Beefing up a stand - The Planted Tank Forum
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post #1 of 17 (permalink) Old 02-19-2016, 08:35 PM Thread Starter
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Beefing up a stand

So I partook in the Black Friday madness and bought Petsmart's 125g tank and stand. While the tank is actually made by Aqueon (at least I think that's who makes tanks for Top Fin), the stand is just plain ol' Top Fin.



I have seen multiple places (including the 125 discus journal thread over in the Tank Journals section) where people are very skeptical that this stand can actually safely hold a 1,500+ lb fish tank on it.

The tank is not set up yet, so I've got time to fix the stand issue. I am not handy at all, so building a stand is out. I live in an area bereft of good fish stores, and Craigslist has not been helpful, either. I also don't particularly want to have to rent a cargo van (again) to go pick up a new stand.

That said, I'd be happy to pick up some 2x4s and beef this stand up with some guidance. I saw a couple comments in the 125 discus thread about doing that, and so now I put the question to you: what wood should I buy, and where (and how) should I attach it to make this stand safer?

Thanks in advance! <3
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post #2 of 17 (permalink) Old 02-19-2016, 11:09 PM
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Well, here is one way.
If you try to simply stick some 2 x 4 in there, I am not sure if it will work. You want the full weight of the tank to be supported as evenly as possible.
The stand you bought might be taken apart and used as a surface or covering for a stronger stand.
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post #3 of 17 (permalink) Old 02-19-2016, 11:34 PM
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If you're going to go through the trouble to beef this thing up, then you might as well go all out. I started to type out a simple solution and was like but then you could do this and this and this...and next thing you know my suggestion looked like Diana's. You could check out the DYI King's channel on how he built a stand for his plywood tank. It looks really nice and it's beyond sturdy. You could use all of those particle board parts to cover the stand and create shelves. Nice drawing there Diana.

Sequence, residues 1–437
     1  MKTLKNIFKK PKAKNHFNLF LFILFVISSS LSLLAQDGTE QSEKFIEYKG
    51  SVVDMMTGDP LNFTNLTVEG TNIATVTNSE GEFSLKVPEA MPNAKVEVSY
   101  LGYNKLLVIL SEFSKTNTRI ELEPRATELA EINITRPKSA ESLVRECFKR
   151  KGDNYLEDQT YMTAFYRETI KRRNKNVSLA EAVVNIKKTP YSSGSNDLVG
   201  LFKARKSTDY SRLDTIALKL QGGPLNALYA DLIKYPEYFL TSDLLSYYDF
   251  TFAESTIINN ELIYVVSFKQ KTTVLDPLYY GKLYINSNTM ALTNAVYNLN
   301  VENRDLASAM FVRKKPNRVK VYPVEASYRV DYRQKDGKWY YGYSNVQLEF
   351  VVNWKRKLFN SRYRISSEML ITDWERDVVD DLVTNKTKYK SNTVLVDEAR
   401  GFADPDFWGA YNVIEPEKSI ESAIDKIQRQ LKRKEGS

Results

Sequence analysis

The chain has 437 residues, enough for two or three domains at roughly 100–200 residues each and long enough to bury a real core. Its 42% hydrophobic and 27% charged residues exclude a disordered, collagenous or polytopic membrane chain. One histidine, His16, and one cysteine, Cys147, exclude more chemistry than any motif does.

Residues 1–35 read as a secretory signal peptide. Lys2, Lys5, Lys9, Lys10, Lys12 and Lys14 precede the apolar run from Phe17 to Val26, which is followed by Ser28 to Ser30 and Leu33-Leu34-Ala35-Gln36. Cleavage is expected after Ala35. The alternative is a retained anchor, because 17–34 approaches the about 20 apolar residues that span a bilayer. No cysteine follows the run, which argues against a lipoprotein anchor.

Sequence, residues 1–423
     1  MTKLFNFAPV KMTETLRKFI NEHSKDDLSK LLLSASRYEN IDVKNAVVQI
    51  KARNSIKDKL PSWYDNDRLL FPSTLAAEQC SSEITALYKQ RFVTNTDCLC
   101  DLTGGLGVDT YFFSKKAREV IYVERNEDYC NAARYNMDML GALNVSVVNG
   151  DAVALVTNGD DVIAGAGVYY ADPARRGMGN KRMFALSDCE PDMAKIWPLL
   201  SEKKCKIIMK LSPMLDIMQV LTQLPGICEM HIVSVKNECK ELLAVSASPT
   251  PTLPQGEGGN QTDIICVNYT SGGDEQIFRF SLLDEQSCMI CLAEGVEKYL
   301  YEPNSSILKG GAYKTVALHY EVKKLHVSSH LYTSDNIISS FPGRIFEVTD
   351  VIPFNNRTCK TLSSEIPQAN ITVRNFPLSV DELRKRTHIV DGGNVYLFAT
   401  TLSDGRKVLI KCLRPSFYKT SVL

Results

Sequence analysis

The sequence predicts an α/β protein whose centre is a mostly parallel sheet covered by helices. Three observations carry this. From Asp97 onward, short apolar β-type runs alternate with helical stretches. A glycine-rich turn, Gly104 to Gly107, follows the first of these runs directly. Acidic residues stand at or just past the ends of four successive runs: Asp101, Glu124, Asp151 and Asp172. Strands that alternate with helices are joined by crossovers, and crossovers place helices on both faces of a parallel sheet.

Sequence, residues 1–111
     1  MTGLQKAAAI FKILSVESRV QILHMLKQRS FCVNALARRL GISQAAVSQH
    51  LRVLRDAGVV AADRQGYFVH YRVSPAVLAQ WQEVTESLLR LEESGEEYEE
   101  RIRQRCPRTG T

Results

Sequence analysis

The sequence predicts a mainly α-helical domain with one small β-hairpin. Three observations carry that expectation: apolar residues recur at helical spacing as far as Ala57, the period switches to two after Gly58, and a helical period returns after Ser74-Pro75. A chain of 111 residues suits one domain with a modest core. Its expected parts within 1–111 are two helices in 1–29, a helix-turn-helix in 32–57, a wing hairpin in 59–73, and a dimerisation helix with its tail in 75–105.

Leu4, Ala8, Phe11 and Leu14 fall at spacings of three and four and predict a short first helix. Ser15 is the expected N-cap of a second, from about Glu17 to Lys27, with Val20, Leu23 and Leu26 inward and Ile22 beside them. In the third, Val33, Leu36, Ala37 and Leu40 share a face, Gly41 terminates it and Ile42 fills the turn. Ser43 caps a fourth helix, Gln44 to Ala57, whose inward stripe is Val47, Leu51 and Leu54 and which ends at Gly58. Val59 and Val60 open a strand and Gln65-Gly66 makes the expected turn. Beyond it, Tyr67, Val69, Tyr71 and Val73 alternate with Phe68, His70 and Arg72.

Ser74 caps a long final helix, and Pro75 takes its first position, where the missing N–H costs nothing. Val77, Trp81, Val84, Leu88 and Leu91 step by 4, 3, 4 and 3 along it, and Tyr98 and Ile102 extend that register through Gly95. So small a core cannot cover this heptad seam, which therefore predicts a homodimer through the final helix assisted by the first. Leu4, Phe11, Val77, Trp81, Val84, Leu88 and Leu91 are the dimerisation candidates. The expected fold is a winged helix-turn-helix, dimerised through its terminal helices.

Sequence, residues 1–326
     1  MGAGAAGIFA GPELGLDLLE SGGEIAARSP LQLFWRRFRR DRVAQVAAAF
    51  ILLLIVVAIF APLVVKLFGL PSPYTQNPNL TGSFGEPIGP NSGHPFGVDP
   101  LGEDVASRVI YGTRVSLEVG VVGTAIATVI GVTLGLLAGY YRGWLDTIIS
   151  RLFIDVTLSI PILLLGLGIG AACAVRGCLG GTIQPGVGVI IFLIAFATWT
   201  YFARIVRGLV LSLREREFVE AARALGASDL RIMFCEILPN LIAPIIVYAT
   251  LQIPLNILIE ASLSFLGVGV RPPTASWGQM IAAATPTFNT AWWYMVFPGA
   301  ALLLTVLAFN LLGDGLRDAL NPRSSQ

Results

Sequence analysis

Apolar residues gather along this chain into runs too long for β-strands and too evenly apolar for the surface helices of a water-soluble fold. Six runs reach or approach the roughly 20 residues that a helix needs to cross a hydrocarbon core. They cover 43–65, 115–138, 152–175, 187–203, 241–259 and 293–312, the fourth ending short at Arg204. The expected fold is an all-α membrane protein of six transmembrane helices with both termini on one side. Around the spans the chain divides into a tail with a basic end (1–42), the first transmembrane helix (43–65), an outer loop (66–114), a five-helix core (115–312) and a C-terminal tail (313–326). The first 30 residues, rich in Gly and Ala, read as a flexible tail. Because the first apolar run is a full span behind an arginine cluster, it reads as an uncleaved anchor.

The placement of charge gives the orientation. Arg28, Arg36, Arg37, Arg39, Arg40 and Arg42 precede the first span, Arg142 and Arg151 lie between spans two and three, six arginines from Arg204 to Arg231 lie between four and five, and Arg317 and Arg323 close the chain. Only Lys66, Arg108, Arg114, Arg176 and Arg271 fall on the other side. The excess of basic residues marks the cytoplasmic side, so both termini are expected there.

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post #4 of 17 (permalink) Old 02-19-2016, 11:44 PM
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Is that stand made of particle board?
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post #5 of 17 (permalink) Old 02-20-2016, 12:03 AM
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My finish skills are lacking and I cannot cut a straight line but I put together a rock solid square and level stand using the design from Reef Central by having the lumber yard cut the wood for me. With square cuts and the vertical leg pieces the same length it was practically a kit. The inner 2x4 in the leg is genius. I skinned it with 1/4" birch ply, used extra ply to brace the back for lateral stability and it would look great if only I could build doors.

DIY Stands Template and Calculator - Reef Central Online Community


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post #6 of 17 (permalink) Old 02-20-2016, 12:12 AM
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Kathyy, doors are easy to build... it is hanging them that takes skill. I don't do doors! All my stands are open.

I like your avatar- are they Tollers?
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post #7 of 17 (permalink) Old 02-20-2016, 12:17 AM
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Quote:
Originally Posted by Kathyy View Post